Baby boomers, who range in age from early 30’s to early 50’s, obviously cannot remain forever young. However, with cosmetic innovations through scientific research progressing so rapidly in Dallas and abroad, patients may be able to significantly delay the visible aging process by practicing preventive skin care and taking advantage of chemical treatments for facial rejuvenation.
Multiple factors affect the way skin ages: Heredity, sun exposure, chronological age, emotional stress, repeated weight gain and loss, diet/nutritional supplements and exercise. As we age chronologically the outermost layers of the skin thin due to a decrease in collagen production and the elastin fiber degeneration–this is documented microscopically. Also the skin becomes drier due a decrease in glandular secretions. These “progressions” in skin aging can be aggravated/accelerated when combined with sun and other environmental exposure. For example, with habitual exposure to sun the photo-aging process exhibits itself by skin thickening (a leathery appearance) and the collagen is replaced with a misaligned “tangle” of elastin fibers which also is visible microscopically. The underlying tissues become thinner and eventually skin laxity and wrinkles can be seen. Of course, some facial wrinkles may be caused from animation–the underlying muscles which are used to smile, frown, etc…. exerting action on the skin, which over time creases the surface.
Many skin care protocols from specialists are available to help slow, halt and reverse, to some degree, the negative effects of skin aging. The two primary ingredients to improve texture and appearance are Alpha-hydroxy acids and Retin-A.
Retin-A increases collagen production and increases the amount of capillaries (small blood vessels) in the skin. This new capillary ingrowth allows more oxygen and nutrients to feed the skin. Retin-A is supplied in varying strengths, depending on your skin type and the goal in mind, through the plastic surgeon’s office and to be used at home nightly. Use of Retin-A may cause flaking or peeling of the skin, increased sensitivity to the sun and a reddish hue to the skin.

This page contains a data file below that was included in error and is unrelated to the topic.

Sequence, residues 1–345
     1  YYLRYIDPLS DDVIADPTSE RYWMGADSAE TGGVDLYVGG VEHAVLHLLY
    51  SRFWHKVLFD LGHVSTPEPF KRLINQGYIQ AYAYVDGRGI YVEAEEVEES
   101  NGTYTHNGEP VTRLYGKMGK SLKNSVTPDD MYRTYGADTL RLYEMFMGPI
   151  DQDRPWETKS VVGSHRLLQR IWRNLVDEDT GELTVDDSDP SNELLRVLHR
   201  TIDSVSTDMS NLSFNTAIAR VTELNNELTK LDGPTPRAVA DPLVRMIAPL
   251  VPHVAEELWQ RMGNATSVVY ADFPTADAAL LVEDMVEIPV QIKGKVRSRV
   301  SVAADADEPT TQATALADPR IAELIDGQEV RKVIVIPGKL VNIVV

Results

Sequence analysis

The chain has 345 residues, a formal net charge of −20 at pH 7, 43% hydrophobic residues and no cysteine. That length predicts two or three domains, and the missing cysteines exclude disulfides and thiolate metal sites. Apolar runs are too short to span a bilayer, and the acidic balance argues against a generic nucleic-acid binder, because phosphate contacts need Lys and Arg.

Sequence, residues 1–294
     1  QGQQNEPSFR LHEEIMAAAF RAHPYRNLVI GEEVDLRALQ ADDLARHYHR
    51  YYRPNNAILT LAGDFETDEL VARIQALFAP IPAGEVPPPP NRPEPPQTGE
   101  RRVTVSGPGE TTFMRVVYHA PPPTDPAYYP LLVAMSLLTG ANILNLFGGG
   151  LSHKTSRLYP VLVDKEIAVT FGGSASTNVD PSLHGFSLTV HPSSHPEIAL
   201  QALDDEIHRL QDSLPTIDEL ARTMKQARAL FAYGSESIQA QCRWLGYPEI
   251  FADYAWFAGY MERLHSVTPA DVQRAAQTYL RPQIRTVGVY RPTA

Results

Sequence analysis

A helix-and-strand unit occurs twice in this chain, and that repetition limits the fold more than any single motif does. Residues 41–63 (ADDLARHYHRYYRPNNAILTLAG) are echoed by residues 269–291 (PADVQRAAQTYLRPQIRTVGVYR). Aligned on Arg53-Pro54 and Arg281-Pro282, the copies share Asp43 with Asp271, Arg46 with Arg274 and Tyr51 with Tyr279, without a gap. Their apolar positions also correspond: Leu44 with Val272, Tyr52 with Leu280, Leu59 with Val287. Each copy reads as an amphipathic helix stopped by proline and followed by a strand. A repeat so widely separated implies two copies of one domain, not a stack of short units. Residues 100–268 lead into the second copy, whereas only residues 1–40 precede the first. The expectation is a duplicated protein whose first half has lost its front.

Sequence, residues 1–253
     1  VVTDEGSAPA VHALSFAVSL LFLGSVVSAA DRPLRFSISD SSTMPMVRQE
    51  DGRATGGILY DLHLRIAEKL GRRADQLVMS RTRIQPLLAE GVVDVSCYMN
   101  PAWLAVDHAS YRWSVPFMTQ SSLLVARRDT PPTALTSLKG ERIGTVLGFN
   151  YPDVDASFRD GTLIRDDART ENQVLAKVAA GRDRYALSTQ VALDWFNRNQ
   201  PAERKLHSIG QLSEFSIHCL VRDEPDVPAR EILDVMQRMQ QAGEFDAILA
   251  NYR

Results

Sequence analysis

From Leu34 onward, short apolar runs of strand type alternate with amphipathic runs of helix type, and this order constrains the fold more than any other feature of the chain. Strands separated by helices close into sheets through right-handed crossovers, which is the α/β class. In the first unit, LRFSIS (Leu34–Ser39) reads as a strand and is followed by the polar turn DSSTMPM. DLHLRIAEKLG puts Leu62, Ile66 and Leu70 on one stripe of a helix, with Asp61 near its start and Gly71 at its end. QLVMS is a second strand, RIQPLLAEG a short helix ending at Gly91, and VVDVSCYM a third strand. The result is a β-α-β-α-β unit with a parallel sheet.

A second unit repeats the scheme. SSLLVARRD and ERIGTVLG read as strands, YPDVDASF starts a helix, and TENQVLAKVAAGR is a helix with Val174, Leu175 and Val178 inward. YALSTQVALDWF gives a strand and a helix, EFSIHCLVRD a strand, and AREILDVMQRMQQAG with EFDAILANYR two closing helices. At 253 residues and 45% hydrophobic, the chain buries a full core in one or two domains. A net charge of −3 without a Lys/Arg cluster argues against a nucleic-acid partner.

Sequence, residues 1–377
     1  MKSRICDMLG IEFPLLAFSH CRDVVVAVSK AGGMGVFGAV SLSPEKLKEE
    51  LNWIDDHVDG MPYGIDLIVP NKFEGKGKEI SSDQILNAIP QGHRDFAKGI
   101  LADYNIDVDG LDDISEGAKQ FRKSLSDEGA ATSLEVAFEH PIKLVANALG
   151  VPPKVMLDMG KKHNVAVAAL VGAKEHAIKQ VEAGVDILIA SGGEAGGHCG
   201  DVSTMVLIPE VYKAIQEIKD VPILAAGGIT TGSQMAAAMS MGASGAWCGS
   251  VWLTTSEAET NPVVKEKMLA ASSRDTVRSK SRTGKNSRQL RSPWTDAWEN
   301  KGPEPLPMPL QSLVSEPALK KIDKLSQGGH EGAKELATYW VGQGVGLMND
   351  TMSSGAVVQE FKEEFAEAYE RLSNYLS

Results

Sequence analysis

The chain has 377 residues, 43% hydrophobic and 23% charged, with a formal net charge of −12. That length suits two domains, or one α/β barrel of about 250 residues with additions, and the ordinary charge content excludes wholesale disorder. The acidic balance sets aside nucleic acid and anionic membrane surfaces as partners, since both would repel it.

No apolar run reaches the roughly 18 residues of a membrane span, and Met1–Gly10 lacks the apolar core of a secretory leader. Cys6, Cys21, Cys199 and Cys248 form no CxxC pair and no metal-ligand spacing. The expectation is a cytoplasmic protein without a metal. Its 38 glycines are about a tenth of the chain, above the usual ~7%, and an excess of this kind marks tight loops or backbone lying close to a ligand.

Alpha-hydroxy acid (AHA) is beneficial in slowing skin aging and helps to minimize fine wrinkles, promotes the skin’s cell turnover (shedding dead skin layers more often), lightens “age spots” and unclogs pores (which improves acne). This acid has several sources: Fruit, sugar cane and dairy. We have found the sugar cane derived AHA to be the most moisturizing as it effects change in the surface of the skin. Skin irritation is minimal with AHAs. Over-the-counter products containing these AHAs are required to have low concentrations of the active ingredients whereas products supervised by physicians may contain higher and more effective concentrations. Alpha hydroxy acids are packaged for at-home maintenance use in varying concentrations up to 12% and in various forms (solutions, lotions and creams). The AHAs may also be applied through the physicians office at concentrations between 20% and 70% on a weekly schedule for 6 weeks. This peel allows for a patient to be treated and be back in makeup within 2-3 hours. The resulting skin is overall more radiant.